Cloverdale Reporter

Got skills?

JENNIFER LANG PHOTO It was wet work for the crew pouring vertical concrete forms for the foundation of the replica B.C. Electric Railway Cloverdale Station, taking shape at the foot of 176A Street next to the Clydesdale Inn. Pictured here are Neil Hansen and Max Quesnel of RJP Contracting Ltd.  - Jennifer Lang photo
JENNIFER LANG PHOTO It was wet work for the crew pouring vertical concrete forms for the foundation of the replica B.C. Electric Railway Cloverdale Station, taking shape at the foot of 176A Street next to the Clydesdale Inn. Pictured here are Neil Hansen and Max Quesnel of RJP Contracting Ltd.
— image credit: Jennifer Lang photo

Proponents of a heritage rail revival are closing 2012 on a high note in Cloverdale, where the walls and roof of a replica B.C. Electric Railway station will be in place by year’s end.

It’s the next important step on the Fraser Valley Heritage Railway Society’s decade-long journey to return an original BCER car to the original line, some 60 years after the last Interurban rolled through Surrey.

Society secretary Allen Aubert is working to galvanize financial support and sponsorships for the project, something that will gather momentum once the building’s up, inspiring another infusion of donated materials and  labour for the project.

Sponsors such as RJP Contracting Ltd., Rempel Concrete, and project construction managers Seagate Structures and others have already climbed on board, offering work-in-kind or at cost, along with materials for the foundation, exterior walls and roof.

Additional sponsors are being sought for trades and supplies like cedar siding, shingles, concrete floor, insulation and drywall, interior finishing and millwork, painting and concrete floor finishing. The list will be posted on a sign going up at the site. (new car barn at 5554 176 Street.)

The society wants Cloverdale Station completed inside and out for the May 2013 launch of passenger service between Cloverdale and Sullivan Station, staffed by volunteers and running weekends and holidays to Thanksgiving. The project is in partnership with the City of Surrey and the Southern Railway of B.C., with the assistance of B.C. Hydro.

The FVHRS is in the midst of a $1.5 million fundraising campaign. This includes construction costs, the restoration of car 1304, and the acquisition of a replica baggage car to house the power generator that supplies the electricity needed to run the cars on the line, Aubert said.

Cloverdale Station will house a display room, ticket room and waiting area. It’s located on the rail right-of-way at the foot of 176A Street, next to the Clydesdale Inn south of Highway 10, just steps from its original location.

The project is a vision shared by hundreds of volunteers and society members, along with civic officials, Surrey’s business leaders, and transportation history buffs. People with a keen interest in urban planning are also watching.

For more than 40 years, the B.C. Electric Railway, or Interurban line, transported passengers and freight between Vancouver and Chilliwack, providing a vital, road and highway-free connection for commuters, farmers and residents alike.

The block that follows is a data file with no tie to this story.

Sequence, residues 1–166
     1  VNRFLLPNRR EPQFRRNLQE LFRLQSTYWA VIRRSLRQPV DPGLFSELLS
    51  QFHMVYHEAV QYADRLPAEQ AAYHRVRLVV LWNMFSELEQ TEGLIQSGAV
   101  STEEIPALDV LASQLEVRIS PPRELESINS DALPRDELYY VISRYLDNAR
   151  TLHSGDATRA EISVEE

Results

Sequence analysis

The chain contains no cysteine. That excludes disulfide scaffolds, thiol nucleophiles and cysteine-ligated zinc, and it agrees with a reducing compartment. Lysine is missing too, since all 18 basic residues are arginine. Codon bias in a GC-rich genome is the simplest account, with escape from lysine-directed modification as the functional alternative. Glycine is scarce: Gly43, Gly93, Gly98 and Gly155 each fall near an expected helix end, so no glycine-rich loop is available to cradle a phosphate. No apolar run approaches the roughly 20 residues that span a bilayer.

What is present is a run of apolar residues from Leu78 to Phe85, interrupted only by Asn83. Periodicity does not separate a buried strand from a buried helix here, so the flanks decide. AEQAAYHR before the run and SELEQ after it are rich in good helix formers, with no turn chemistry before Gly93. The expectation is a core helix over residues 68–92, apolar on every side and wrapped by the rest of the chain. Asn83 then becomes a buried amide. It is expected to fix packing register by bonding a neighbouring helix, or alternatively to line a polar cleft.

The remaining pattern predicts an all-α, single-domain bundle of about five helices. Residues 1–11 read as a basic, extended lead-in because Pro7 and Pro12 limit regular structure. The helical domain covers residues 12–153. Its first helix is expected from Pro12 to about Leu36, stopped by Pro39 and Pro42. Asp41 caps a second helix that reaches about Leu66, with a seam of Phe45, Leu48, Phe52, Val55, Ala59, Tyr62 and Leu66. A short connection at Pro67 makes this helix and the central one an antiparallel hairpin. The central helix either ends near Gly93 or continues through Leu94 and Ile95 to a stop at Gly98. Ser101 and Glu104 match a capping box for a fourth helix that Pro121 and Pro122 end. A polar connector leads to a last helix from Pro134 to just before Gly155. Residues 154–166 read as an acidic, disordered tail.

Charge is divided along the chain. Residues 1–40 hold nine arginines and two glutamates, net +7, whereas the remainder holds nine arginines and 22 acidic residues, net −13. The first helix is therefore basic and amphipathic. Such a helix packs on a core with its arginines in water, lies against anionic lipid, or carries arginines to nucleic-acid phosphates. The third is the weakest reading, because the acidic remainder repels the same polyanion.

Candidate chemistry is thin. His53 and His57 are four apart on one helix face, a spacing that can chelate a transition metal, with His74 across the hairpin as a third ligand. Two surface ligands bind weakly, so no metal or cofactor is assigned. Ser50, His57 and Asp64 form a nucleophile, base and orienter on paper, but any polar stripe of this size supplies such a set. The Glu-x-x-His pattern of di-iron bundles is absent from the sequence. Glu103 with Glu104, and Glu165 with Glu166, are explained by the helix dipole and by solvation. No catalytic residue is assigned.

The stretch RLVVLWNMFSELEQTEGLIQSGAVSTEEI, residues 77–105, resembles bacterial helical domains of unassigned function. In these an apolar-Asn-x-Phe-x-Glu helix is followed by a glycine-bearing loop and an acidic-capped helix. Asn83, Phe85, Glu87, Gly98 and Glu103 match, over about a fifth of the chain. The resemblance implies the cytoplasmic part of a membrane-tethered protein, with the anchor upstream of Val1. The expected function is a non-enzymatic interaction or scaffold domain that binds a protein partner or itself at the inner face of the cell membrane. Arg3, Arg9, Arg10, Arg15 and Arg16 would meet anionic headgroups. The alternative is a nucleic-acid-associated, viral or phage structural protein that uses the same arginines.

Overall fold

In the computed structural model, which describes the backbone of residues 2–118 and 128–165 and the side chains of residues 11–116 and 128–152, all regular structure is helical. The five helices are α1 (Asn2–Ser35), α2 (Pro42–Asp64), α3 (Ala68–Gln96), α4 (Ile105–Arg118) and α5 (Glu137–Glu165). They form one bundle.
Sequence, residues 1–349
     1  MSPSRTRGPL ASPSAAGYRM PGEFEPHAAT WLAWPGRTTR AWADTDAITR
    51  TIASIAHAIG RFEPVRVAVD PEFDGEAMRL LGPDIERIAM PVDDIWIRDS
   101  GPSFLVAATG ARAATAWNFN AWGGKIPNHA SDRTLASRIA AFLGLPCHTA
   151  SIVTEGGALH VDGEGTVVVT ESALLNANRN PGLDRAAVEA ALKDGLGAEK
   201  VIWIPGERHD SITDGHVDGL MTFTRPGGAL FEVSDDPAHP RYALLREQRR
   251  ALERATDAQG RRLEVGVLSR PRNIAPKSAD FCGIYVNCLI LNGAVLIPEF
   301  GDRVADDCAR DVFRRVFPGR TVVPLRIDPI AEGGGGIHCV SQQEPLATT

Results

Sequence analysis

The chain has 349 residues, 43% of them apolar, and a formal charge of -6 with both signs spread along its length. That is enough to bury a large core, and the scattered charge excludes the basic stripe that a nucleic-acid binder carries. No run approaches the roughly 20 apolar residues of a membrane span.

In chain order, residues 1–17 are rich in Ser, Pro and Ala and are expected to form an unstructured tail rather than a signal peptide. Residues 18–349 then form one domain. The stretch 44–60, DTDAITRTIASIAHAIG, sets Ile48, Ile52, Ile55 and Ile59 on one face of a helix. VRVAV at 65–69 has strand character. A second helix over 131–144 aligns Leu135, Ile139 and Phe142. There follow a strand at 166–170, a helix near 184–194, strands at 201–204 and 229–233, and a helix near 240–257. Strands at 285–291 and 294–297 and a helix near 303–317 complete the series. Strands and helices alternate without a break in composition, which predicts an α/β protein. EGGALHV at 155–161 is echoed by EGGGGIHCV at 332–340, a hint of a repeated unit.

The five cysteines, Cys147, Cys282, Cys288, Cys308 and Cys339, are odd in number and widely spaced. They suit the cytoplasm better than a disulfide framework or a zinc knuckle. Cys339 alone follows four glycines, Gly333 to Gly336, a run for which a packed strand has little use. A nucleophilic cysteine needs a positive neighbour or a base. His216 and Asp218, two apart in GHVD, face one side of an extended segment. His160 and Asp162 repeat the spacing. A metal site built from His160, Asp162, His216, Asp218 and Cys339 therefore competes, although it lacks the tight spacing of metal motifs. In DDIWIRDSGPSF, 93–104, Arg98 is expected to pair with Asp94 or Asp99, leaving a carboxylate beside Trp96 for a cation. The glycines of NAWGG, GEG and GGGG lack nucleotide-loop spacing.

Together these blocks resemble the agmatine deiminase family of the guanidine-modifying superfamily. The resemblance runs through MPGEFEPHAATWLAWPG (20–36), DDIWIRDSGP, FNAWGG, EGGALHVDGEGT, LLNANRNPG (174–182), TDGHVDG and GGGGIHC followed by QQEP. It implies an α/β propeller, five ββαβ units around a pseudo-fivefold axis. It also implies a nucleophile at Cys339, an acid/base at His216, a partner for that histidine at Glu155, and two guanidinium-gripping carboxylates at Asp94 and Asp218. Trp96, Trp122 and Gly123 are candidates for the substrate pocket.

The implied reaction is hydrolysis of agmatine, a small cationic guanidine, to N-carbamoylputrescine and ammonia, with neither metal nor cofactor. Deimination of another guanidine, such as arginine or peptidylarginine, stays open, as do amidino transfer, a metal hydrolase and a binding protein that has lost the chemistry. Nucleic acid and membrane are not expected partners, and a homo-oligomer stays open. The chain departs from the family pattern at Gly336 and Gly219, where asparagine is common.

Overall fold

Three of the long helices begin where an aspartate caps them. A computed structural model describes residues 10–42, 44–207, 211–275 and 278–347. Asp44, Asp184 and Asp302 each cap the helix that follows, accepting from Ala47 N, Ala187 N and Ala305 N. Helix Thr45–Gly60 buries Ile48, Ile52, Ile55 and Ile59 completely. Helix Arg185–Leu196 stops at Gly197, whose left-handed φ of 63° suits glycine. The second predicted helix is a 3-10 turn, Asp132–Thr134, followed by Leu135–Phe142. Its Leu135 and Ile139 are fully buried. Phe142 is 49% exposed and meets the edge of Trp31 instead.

http://raven.b-it.ca/portals/uploads/cloverdale/.DIR288/wFVHRSVolCrew.jpgAs a toddler, Myrna McRae and her family rode the line from New Westminster to her grandparent’s dairy farm in Chilliwack. Decades later, in March 2011, she found herself passing the FVHRS’s former base of operations at Sullivan Station, and one night the light was on. Vice chair Bob Ashton gave her a tour. “His enthusiasm just kind of rubbed off,” she smiles.

Left: These friendly faces are a few of the regulars who turn out three days a week to volunteer with the Fraser Valley Heritage Railway Society. New volunteers are needed to work as conductors, ticket takers, greeters and more.

Now she’s in charge of coordinating volunteers who will run the passenger operations as ticket takers, greeters, conductors, maintenance crew and more.

McRae says she’s interviewed as many as 115 new recruits, and orientation sessions are already underway. She hopes more young people will get involved.

“More women and quite a few men are volunteering,” she says, adding they have a range of skills and an interest in heritage preservation.

“We have a lot of fellows on the restorative side and the operational side, but we’re going to need more people on the passenger side,” she added.

The society has more than 300 active memberships and growing, building on a strong foundation of core volunteers who have stuck with the project for years.

Three days a week, more than a dozen volunteers are busy working away in the car barn from 9:30 a.m. to 2 p.m., getting car 1225 ready and restoring 1304.

They represent a breathtaking scope of expertise: on a recent Thursday morning there were several CNR retirees on hand, including one who is also a former high school shop teacher, plus a bus driver and heavy equipment operator, and a commercial carpenter with 25 years experience that includes time as a general foreman superintendent.

To volunteer, call 604-597-9704 or email mmcrae@telus.net and volunteer@fvhrs.org.

To become a sponsor, call FVHRS secretary Allen Aubert at 604-538-9611. Visit www.fvhrs.org.

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